While the boys' initial perception of the island is that of a type of Garden of Eden, the flaw in this idyllic island is the preexisting condition of evil inherent in the boys. Golding hints at this innate evil in the passage of Chapter 4 in which Henry sits on the shore, delighting in his power to control the
transparencies that came questing in with the water over the hot, dry sand...Like a myriad of tiny teeth in a saw, the transparencies came scavenging over the beach....He poked abut with a bit of stick...and tried to control the motions of the scavengers....He became absorbed beyond mere happiness as he felt himself exercising control over living things... [which] him the illusion of mastery. He squatted on his hams at the water's edge, bowed, with a shock of hair falling over his forehead and past his eyes, and the afternoon sun emptied down invisible arrows.
With this foreshadowing of conflict and killing, Roger, who keeps "to himself with an inner intensity of avoidance and secrecy" waits and watches furtively behind a great palm. When a wind knocks nuts from the palm onto the ground, Roger picks up a stone--"that token of preposterous time"--and bounces it a few yards to the right of Henry. Roger gathers more and throws them near to Henry:
Here, invisible, yet strong was the taboo of the old life. Round the squatting child was the protection of parents and school and policemen and the law. Roger's arm was donditioned by a civilization that knew nothing of him and was in ruins.
When Jack calls his name, Roger opens his eyes and sees him: "a darker shadow crept beneath the swarthiness of his skin; but Jack noticed nothing." This "darker shadow" is the innate evil of Roger which is already on the Garden of Eden island.
With the restrains of civilization gone, this evil then emerges. The symbol of the rock carries this motif through Chapter 6 when Jack speaks of a large rock making a bridge across the island into the jungle. As they cross, the intuitive Simon feels "a flicker of incredulity...[he] thought of the beast...before his inward sight the picture of a human at once heroic and sick." Later, Golding describes the water sinking among the rocks:
There was one flat rock there,...and the waters sucking down on the four weedy sides made them seem like cliffs. Then the sleeping leviathan breathed out, the waters rose, the weed streamed, and water boiled over the table rock with a roar. There was no sense of the passage of waves; only this minute-long fall and rise and fall.
A profoundly symbolic passage, this suggests the rising of the stone-age primitive, ("leviathan"-whale-suggesting "huge and "powerful" with Biblical connotations) evil behavior of the hunters which will end in death as foreshadowed in the earlier passage about Henry and Roger. Carrying the symbolism of the rock through the novel, the final chapter (12) has many references to this symbol. One significant example is "death rock flowered again." And, of course, Piggy is brutally murdered in Chapter 12 as his head crashes against rock. Even before his death, Piggy hears on top of Castle Rock voices raised where "the horrors of the supernatural emerged." The inherent evil in the boys which has initially invaded their idyllic island emerges to wreak destruction.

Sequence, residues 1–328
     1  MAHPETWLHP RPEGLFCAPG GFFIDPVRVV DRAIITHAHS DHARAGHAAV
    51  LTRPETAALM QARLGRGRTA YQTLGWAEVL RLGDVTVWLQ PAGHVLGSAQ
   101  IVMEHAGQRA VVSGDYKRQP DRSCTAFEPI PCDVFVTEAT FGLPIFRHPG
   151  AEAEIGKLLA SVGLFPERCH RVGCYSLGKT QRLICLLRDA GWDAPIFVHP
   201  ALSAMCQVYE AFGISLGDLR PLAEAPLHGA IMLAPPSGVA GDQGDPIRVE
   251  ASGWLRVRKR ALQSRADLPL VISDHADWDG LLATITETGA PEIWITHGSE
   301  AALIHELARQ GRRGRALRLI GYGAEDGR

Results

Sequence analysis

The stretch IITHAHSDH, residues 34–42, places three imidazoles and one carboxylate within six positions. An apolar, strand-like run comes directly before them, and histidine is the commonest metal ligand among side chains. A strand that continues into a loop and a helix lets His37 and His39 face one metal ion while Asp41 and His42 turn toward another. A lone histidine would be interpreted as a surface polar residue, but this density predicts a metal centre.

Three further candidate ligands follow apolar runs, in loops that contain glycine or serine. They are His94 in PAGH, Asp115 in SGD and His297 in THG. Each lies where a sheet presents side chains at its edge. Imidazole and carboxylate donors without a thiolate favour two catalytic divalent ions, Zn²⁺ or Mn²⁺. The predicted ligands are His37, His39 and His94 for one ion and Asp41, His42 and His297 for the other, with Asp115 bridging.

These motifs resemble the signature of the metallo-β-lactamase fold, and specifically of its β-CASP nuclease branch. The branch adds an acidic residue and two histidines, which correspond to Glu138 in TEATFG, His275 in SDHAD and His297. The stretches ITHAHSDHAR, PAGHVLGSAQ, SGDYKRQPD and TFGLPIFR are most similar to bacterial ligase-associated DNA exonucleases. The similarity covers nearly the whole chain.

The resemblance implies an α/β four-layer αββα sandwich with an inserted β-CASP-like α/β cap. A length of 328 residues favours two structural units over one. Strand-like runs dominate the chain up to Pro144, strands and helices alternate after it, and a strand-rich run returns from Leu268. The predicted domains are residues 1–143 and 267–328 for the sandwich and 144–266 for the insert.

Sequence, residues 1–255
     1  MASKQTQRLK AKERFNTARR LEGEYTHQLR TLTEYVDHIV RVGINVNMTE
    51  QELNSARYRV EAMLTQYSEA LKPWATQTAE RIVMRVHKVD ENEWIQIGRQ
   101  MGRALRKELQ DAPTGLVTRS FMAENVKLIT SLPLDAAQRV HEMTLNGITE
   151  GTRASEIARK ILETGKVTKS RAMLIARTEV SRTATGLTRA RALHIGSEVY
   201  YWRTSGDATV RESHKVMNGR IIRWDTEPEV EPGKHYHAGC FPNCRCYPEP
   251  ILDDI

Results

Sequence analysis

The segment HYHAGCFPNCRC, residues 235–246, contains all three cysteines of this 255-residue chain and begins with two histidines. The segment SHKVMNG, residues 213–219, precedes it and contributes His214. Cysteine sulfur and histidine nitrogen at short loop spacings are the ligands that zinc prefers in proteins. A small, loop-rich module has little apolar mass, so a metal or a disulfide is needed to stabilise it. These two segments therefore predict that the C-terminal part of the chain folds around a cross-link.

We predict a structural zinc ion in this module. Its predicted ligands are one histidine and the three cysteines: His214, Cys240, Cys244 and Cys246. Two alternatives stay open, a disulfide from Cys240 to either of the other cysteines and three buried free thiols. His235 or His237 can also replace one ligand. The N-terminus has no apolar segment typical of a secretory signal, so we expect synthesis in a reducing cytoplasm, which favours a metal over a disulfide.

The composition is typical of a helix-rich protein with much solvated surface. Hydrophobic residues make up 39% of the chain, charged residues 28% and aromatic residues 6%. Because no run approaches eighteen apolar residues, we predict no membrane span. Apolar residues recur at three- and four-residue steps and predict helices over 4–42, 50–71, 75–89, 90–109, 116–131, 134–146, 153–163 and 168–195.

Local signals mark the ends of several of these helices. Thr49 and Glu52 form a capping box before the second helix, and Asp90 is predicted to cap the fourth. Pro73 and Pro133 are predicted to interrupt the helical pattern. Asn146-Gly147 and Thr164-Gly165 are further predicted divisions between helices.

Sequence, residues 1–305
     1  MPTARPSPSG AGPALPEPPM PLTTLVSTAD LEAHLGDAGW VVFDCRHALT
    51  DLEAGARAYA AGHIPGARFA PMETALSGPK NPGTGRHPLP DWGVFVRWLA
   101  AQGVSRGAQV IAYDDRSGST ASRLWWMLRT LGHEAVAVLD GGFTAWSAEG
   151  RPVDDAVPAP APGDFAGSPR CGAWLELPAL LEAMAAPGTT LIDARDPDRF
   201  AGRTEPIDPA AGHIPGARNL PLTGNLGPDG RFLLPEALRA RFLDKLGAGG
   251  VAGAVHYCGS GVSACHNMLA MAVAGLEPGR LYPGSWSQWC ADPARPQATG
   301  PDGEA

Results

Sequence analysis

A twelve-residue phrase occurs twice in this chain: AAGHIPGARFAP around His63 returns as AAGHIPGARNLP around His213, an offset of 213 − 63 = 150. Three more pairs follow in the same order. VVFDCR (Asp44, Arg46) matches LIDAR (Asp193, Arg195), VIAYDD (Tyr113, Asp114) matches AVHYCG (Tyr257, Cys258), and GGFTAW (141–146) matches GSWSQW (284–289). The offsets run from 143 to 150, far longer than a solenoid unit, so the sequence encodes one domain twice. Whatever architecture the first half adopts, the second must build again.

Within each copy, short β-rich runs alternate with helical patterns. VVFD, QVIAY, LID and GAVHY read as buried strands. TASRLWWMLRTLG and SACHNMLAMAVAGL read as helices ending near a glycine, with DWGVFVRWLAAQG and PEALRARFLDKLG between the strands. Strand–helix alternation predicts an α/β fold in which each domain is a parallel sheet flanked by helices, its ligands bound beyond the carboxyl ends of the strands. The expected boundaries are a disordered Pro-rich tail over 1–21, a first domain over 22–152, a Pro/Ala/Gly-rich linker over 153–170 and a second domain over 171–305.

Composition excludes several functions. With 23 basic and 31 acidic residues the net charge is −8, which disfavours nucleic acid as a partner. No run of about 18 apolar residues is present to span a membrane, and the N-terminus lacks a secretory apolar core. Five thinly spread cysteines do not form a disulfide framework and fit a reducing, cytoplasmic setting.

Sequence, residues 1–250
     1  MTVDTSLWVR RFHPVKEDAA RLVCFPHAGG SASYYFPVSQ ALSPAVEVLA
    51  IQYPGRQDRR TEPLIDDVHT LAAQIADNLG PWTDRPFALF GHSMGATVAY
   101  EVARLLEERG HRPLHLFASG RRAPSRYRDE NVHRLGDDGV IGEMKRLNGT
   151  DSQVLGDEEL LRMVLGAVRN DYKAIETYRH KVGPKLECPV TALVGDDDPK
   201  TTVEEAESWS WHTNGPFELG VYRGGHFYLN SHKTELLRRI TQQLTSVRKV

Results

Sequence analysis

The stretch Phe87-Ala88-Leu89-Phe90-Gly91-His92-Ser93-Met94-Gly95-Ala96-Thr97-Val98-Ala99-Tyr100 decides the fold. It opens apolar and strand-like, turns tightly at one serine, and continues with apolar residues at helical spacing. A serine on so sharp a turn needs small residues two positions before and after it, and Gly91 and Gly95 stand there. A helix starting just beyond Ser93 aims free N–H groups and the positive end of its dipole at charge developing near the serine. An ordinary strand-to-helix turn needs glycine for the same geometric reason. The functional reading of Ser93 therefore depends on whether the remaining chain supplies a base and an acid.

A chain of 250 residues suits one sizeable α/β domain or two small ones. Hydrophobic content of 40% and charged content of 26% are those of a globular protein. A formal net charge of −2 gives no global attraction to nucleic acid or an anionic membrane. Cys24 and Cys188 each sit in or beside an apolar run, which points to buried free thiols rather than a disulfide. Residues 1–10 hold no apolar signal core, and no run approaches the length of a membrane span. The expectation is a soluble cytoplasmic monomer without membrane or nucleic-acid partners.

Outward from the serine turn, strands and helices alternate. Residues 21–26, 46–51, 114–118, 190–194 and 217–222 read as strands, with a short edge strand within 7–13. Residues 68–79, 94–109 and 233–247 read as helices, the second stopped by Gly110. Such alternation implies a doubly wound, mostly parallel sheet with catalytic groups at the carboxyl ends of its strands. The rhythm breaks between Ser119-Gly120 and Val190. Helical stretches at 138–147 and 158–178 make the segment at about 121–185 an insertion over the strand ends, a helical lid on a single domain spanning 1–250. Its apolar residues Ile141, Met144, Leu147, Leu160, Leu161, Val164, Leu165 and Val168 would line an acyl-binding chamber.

One of the key quotes you will definitely want to talk about is: "Ralph wept for the end of innocence, the darkness of man's heart, and the fall through the air of a true, wise friend called Piggy", which comes towards the end of the novel (Chapter 12) and comes after the appearance of the navel officer that is going to rescue the boys. This is a key quote, because although Ralph should be happy because he is going to be rescued and returned to civilisation, what has happened to him and the boys on the island has made him aware of the evil within humanity and the savage instincts that are latent within all of us. He has lost his innocence, and will never be the same. This is the reason for his grief and tears.
Another key quote comes from Simon when the boys are discussing The Beast and if it is real or not: "There isn't anyone to help you. Only me. And I'm the Beast . . . Fancy thinking the Beast was something you could hunt and kill! . . . You knew, didn't you? I'm part of you? Close, close, close! I'm the reason why it's no go? Why things are the way they are?” Simon is the first boy to realise that the evil summed up in the beast isn't actually external - but internal, based in themselves. This is something that he further realises when he confronts the Lord of the Flies later on in the novel.
Lastly, when Jack has killed his first pig, Golding writes: "His mind was crowded with memories; memories of the knowledge that had come to them when they closed in on the struggling pig, knowledge that they had outwitted a living thing, imposed their will upon it, taken away its life like a long satisfying drink." This quote clearly establishes that Jack is attracted to the killing of pigs not because of the need to feed the boys but because of the joy of letting his primal instincts loose and the desire to impose his will and strength upon another creature.